Arthur O'Bradley's Wedding (I)
DESCRIPTION: Arthur and Dolly go to marry. Wearing tattered finery, he gets on his broken-down horse, while she walks by his side to the church. They are married. The seedy dinner pleases the crowd. There is drinking, singing, piping and dancing till sun-up.
EARLIEST DATE: before 1820 (broadside, Bodleian Harding B 2(4))
LONG DESCRIPTION: "O! rare Arthur O'Bradley! wonderful Arthur O'Bradley! Sweet Arthur O'Bradley," being thirty years old, get's young Dolly's consent to marry. Wearing tattered finery -- a greasy, torn hat, breeches with holes, unmatched boots -- he gets on his spavined and blind old mare -- "the prime of his old daddy's stud" -- while Dolly walks by his side to the church, "in the midst of five thousand or more." The parson is shocked by the sight but marries them without fee -- "poor Arthur he'd none to give" -- and is invited to the party. The seedy dinner -- few but good dishes, such as roast guinea-pig -- pleasesd the crowd. There is drinking, singing, piping and dancing -- "you'd have laughed to see their odd stumps, False teeth, china eyes, and cork rumps" -- until sun-up "when each had a kiss of the bride, And hopped home to his own fire-side."
KEYWORDS: poverty wedding clothes dancing drink food music party humorous horse husband wife
FOUND IN: Britain(England(South))
REFERENCES (4 citations):
Dixon-Peasantry, Song #1, pp. 160-167,245, "Arthur O 'Bradley s Wedding" (1 text)
Bell-Combined, pp. 358-365, "Arthur O'Bradleys Wedding" (1 text)
Williams-Thames, pp. 271-274, "Arthur O'Bradley O" (1 text) (also Wiltshire-WSRO Gl 68)
ADDITIONAL: W. Chappell, Popular Music of the Olden Time, (London, 1859 ("Digitized")), Vol. II, pp. 603-604, "Arthur o'Bradley's Wedding" (1 text first verse from Dixon, 1 tune)
Bodleian, Harding B 2(4), "Arthur O'Bradley's Wedding" ("Come neighbours and listen awhile"), J. Pitts (London), 1802-1819; also Harding B 2(3), Firth b.25(78), Harding B 11(105), Johnson Ballads 717 [many illegible lines], "Arthur O'Bradley's Wedding"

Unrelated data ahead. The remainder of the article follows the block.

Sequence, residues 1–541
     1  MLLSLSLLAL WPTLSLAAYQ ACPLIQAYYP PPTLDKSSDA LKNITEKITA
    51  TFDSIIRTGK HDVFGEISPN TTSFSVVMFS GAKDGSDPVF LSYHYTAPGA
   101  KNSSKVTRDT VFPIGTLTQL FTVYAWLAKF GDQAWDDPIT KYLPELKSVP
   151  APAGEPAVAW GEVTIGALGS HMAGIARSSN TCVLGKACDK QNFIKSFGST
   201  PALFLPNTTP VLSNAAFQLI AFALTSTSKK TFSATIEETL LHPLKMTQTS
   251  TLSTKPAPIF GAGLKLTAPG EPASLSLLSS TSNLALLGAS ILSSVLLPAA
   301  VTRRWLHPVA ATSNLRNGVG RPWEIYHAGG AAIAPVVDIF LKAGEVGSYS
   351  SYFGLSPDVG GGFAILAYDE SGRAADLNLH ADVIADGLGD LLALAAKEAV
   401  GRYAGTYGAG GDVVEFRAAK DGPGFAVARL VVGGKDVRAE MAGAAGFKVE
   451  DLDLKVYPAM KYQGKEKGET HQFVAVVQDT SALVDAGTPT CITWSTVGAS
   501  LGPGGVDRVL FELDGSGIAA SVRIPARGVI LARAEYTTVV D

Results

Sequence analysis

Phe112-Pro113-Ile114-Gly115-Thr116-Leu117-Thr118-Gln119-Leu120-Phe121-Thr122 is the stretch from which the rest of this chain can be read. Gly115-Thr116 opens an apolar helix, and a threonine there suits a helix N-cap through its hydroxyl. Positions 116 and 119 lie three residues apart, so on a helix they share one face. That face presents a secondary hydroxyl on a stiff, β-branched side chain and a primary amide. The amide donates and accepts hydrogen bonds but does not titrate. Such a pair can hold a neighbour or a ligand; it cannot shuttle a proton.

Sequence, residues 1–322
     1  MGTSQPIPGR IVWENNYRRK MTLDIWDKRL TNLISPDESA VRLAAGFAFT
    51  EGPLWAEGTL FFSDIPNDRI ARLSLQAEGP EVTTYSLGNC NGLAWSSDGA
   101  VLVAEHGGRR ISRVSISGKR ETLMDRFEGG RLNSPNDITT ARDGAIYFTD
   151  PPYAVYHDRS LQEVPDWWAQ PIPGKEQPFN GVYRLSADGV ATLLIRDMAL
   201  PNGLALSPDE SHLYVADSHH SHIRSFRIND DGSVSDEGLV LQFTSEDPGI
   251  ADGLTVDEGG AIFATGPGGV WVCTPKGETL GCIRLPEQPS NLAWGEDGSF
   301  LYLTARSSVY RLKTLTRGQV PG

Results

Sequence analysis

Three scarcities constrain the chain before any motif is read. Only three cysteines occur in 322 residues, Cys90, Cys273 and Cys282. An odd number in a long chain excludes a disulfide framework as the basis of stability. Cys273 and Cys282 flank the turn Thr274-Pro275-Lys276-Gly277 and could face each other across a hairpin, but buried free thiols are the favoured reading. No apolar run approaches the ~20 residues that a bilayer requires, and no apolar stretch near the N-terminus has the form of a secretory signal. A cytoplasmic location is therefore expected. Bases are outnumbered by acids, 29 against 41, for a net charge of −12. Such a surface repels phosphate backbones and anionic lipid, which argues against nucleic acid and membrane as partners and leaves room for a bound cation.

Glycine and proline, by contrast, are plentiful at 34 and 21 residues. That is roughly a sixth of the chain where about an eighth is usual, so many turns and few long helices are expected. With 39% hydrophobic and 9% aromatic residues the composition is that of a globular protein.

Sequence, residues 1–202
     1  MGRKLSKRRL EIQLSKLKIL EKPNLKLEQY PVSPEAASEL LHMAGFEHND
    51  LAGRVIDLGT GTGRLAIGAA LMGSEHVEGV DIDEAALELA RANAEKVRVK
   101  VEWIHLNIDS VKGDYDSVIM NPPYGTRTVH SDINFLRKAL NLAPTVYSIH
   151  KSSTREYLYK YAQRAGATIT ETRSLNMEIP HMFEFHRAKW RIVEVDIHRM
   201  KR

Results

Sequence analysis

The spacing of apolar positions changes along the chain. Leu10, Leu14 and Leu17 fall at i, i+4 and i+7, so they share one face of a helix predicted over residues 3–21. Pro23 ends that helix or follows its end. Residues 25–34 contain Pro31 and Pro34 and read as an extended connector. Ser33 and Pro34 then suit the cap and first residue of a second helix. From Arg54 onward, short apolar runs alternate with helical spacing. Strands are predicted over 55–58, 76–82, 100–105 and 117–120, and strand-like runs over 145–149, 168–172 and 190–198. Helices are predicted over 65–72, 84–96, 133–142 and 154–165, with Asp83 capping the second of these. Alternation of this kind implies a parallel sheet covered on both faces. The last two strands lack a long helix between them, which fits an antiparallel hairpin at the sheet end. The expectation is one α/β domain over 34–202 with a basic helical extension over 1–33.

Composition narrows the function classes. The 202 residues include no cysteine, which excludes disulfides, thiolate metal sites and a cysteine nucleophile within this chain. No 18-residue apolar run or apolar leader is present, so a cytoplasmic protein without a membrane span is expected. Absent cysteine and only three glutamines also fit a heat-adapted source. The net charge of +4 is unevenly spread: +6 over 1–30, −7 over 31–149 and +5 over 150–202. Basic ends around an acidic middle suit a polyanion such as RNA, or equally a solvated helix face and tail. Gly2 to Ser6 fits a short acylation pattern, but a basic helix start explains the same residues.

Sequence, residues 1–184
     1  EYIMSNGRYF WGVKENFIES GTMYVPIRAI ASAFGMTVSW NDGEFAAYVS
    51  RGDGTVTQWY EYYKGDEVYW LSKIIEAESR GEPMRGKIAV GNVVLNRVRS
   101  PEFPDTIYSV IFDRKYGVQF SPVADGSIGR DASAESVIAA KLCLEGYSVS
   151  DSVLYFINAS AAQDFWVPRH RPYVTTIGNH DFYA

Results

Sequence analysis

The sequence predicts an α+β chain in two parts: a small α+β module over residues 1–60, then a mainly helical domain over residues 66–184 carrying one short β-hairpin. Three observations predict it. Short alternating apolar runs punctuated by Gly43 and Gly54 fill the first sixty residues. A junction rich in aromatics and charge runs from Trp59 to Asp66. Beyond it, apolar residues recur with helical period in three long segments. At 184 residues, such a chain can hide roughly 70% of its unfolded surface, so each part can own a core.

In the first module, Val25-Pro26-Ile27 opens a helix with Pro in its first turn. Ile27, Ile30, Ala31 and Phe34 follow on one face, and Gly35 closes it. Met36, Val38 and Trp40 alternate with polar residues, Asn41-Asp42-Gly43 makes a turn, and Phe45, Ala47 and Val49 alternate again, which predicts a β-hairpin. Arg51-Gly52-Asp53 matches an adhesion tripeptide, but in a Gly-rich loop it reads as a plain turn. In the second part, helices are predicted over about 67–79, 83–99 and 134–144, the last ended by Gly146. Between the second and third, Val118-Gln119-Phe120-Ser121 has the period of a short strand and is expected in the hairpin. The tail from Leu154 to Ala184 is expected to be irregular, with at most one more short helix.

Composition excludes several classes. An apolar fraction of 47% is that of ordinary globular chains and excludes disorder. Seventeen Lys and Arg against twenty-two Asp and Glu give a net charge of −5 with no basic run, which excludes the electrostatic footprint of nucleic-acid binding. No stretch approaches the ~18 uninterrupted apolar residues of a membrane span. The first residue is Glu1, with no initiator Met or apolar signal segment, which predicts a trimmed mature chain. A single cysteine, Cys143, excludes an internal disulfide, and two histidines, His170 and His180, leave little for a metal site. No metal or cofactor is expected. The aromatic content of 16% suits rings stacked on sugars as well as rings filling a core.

cf. "Arthur O'Bradley's Wedding" (II) (subject)
cf. "Arthur O'Bradley's Wedding" (III) (subject)
cf. "Arthur O'Bradley's Wedding" (IV) (subject)
NOTES: For a general introduction to the "Arthur O'Bradley" broadsides see Joseph Woodfall Ebsworth, editor, The Roxburghe Ballads: Illustrating the Last Years of the Stuarts (Hertford, 1891 ("Digitized by Google")), Vol. VII part II, pp. 312-321.
In "Arthur O'Bradley" songs there seems always to be a chorus that is taken to be well known. In Ebsworth's text -- for "Arthur O'Bradley's Wedding" (II) -- the chorus is given as "With oh brave Arthur [o' Bradley], &c." Or, possibly, the case is that the chorus is so long that it is impractical to quote. Cruikshank -- for "Arthur O'Bradley's Wedding" (III) -- has "And my name is Squire Arthur O'Bradley, O! Rare Arthur O'Bradley, ..." continuing with adjectives tight, merry, frolicsome, tipsy, reeling, wise, foolish, handsome, dancing, capering and wonderful, all in one chorus.
One way to differentiate among the ballads is to consider inheritance. The only reference in "Arthur O'Bradley's Wedding" (I) to inheritance is that the broken down mare is "the prime of his old daddy's stud." "Arthur O'Bradley's Wedding" (II) is much more about inheritance and "Arthur O'Bradley's Wedding" (III) has Arthur's statement of what he will leave. "Arthur O'Bradley's Wedding" (IV) has nothing about the preliminaries to the wedding and so says nothing at all about inheritances.
Ritson notes that "Robin Hood's Birth, Breeding, Valor and Marriage" mentions a song of "Arthur-a-Bradly [see Child 149, verse 46] and prints one. Ritson's song of Arthur of Bradley's wedding was from black letter but "compared with and very much corrected by" a 1661 text (Joseph Ritson, editor, Robin Hood, (London, 1884 ("Digitized by Google")), pp. 421-425, "A Merry Wedding; or O Brave Arthur of Bradley" ("See you not Pierce the Piper") (1 text)). Ritson does not claim that the song "Robin Hood's Birth ..." mentions is the particular song he has printed; as Dixon notes, "antiquaries are by no means agreed as to what is the song of 'Arthur-a-Bradley,' there alluded to ...." Ritson's song seems very sedate, with little ridicule, and perhaps, one sharp line in each verse. The 1661 broadside Ritson used to "correct" his text is indexed as "Arthur O'Bradley's Wedding" (IV).
Dixon, writing in 1846, notes that "an obscure music publisher'... about thirty years ago .. brought out an edition of 'Arthur O'Bradley's Wedding,' with the prefix 'Written by Mr Taylor.' This Mr Taylor was, however, only a low comedian of the day, and the ascribed authorship was a mere trick on the publisher's part to increase the sale of the song [Ebsworth, The Roxburghe Ballads, p. 312: "... between 1816 and 1822 is was sung by one Taylor, a comic actor in London, and it was published with music said to be 'arranged by S. Hale, at Walker's.' This version is virtually identical with ...Dixon...."]. We are not able to give any account of the hero, but from his being alluded to by so many of our old writers, he was perhaps, not altogether a fictitious personage. Ben Johnson alludes to him in one of his plays, and he is also mentioned in Decker's Honest Whore."
The Wiltshire-WSRO transcription is probably defective: it misses all of verse 3 but the first line and the first line of verse 4; the editor has been notified (11/28/2009). - BS
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